The causes of meningioma are not yet fully understood. In fact, several research studies suggest that many meningiomas develop spontaneously, or without a known cause. Sometimes, these tumors can disappear spontaneously as well.
Meningiomas, like other solid tumors, develop when healthy cells undergo genetic mutations that cause them to replicate uncontrollably. These mutated cells create copies of themselves, which can slowly accumulate into a tumor.
Researchers have discovered several meningioma causes that can trigger these cellular changes, including:
Genetic mutations – Up to 80 percent of all meningiomas may contain an abnormality on chromosome 22. Normally, this chromosome is responsible for suppressing tumor growth. When it does not function as intended, however, the cells in the meninges (the protective lining or barrier around the brain and spinal cord) can reproduce uncontrollably and develop into a tumor. Some genetic mutations may be associated with the genetic disorders neurofibromatosis type 2 (NF2), schwannomatosis, and multiple endocrine neoplasia type 1 (MEN1), and all of known to increase the patient’s risk of developing meningioma.
- Exposure to high doses of ionizing radiation – Although research findings are still inconclusive, there is some evidence to suggest that radiation exposure – especially to the head or neck – can cause cellular damage that can trigger the development of brain tumors.
- Hormones – Hormonal factors may have a role in the development of meningioma. Lab studies have shown that meningioma cells have hormone receptors (progesterone, estrogen and androgen) and tend to multiply when exposed to it, suggesting that the hormones could trigger the growth of these tumors. In addition, the incidence of meningioma is higher in women compared with men particularly during the peak reproductive years, suggesting a hormonal role for these findings.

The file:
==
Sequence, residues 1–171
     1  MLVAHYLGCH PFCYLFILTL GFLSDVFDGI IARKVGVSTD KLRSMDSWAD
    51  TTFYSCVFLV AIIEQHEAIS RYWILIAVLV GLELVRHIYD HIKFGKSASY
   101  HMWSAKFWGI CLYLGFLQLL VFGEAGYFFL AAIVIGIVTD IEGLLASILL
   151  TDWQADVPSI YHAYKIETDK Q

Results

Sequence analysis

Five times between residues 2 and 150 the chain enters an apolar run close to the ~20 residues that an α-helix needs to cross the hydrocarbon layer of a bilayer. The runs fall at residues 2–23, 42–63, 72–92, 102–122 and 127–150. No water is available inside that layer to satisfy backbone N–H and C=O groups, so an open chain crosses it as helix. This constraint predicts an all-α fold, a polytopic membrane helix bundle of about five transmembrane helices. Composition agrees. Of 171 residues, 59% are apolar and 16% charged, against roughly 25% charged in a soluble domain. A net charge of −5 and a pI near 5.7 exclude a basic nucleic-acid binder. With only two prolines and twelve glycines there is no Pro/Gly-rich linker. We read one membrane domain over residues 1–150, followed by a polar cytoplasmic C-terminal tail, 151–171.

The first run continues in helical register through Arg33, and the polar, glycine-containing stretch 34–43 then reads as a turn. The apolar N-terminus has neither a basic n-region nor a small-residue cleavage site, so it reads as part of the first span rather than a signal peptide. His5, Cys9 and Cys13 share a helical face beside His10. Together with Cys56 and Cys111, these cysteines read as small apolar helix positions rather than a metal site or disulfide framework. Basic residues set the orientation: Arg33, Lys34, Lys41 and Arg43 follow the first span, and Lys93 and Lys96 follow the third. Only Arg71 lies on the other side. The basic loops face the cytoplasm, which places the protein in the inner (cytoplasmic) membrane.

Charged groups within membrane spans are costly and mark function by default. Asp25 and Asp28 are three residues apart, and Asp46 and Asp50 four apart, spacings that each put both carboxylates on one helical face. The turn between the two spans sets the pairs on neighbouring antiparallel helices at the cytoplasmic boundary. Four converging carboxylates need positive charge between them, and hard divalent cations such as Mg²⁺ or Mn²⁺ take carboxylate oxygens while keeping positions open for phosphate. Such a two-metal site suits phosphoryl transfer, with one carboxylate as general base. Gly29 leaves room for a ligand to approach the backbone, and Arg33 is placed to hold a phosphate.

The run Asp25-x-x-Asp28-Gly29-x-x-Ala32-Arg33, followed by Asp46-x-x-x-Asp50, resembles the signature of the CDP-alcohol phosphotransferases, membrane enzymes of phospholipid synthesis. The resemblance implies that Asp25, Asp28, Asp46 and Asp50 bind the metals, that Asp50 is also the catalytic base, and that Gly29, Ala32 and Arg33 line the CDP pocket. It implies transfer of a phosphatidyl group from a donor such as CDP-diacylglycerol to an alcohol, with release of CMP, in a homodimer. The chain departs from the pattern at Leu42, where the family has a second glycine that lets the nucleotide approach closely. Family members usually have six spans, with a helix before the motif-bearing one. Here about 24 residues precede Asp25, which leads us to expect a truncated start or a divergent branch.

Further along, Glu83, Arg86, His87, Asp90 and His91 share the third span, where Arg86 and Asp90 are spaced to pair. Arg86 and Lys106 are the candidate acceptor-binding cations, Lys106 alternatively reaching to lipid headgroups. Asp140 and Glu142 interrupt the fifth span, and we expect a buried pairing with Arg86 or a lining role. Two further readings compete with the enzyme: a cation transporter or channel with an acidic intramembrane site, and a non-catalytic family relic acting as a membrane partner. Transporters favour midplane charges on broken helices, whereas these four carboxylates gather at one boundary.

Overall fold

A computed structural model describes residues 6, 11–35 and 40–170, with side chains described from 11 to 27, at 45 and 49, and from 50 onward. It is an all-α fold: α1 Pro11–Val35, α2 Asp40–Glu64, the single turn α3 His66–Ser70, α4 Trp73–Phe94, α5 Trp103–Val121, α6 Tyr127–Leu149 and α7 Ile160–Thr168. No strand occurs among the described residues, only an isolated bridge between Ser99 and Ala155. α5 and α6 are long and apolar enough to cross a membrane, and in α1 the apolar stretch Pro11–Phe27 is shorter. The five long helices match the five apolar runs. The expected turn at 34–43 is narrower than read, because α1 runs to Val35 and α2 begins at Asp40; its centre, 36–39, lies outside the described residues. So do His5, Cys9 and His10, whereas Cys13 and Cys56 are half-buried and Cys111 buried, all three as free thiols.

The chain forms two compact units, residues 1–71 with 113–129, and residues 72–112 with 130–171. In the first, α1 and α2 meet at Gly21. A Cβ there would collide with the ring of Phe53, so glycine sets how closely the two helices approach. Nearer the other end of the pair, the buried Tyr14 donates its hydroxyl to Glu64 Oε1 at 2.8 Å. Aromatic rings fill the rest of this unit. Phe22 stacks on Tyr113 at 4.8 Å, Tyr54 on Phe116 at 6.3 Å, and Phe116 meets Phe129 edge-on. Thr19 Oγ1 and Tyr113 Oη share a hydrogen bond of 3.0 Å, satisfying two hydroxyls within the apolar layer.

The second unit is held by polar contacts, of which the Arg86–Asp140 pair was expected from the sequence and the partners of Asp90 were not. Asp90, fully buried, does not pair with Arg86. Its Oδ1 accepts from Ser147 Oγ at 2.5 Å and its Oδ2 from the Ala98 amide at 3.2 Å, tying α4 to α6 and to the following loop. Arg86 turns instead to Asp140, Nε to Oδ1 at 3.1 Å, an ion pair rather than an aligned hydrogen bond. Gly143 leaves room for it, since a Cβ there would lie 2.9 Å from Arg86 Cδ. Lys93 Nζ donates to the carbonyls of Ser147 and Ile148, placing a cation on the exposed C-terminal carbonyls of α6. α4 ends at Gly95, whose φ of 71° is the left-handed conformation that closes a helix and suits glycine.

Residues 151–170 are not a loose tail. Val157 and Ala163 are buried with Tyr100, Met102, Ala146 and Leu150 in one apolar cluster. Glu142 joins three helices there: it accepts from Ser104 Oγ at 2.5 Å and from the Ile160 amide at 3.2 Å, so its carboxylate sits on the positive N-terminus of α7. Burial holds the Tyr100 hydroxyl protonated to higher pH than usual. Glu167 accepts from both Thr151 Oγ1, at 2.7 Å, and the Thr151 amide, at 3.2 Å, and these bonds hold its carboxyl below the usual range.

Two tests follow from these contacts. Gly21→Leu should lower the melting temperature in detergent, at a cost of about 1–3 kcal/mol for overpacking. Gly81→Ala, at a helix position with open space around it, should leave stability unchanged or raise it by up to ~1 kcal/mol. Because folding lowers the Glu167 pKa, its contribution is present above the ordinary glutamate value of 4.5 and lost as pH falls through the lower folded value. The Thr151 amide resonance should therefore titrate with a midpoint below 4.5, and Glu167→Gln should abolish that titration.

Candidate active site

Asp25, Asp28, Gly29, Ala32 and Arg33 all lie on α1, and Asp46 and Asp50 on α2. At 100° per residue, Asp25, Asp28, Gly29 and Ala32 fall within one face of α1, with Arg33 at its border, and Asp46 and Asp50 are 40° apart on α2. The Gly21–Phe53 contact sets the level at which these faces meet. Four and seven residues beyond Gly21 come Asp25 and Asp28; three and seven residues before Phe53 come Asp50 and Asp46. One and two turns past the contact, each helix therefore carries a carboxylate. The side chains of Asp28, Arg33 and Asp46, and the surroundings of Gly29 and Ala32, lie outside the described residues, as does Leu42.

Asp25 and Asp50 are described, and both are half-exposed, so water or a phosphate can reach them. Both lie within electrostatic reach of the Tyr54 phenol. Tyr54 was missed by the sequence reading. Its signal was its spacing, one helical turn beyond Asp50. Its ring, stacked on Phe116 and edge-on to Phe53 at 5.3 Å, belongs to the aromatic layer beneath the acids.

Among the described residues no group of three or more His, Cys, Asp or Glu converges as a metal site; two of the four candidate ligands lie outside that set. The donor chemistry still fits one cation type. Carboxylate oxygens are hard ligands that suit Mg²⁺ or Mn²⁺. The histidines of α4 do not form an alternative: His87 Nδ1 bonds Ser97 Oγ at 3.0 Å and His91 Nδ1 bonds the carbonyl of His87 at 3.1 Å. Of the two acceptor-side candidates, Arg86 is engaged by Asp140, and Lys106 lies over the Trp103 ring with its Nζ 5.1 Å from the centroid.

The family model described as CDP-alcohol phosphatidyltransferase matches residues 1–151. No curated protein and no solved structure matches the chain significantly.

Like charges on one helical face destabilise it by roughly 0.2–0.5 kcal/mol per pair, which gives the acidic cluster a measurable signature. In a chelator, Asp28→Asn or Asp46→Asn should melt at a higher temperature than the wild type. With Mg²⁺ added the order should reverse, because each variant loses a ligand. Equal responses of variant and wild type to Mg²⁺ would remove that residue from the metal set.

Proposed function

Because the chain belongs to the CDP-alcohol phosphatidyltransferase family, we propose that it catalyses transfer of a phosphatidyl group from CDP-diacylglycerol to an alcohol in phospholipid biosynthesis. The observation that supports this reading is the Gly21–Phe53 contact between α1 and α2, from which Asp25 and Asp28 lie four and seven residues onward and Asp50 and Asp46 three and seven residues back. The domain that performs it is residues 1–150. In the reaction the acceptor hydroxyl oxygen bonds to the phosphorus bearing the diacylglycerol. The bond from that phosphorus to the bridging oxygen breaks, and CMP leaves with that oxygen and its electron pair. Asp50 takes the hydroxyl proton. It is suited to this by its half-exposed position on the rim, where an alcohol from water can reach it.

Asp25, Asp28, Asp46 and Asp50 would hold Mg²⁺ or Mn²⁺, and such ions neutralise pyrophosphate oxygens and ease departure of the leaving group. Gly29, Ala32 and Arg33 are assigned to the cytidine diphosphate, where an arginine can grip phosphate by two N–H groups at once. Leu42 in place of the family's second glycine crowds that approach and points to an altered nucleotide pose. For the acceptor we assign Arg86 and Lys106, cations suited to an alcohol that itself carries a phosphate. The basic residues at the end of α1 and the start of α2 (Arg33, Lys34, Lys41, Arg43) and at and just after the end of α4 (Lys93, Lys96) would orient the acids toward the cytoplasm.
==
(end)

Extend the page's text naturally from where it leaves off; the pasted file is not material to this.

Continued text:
At Moffitt Cancer Center, our brain tumor research team is continuously discovering more information about the causes of meningioma. We are not only investigating the cellular changes that cause these tumors to develop, but also researching the best ways to destroy or reprogram malfunctioning cells. Through the use of novel options such as immunotherapies and hormonal therapies, we are consistently working to improve patient outcomes and quality of life.
Medically reviewed by, Andre Beer, MD, Neuro-Oncology.
To consult with the experts of our Neuro-Oncology Program about meningioma causes and treatments, call 1-888-663-3488 or submit a new patient registration form online. You do not need a referral to schedule a consultation.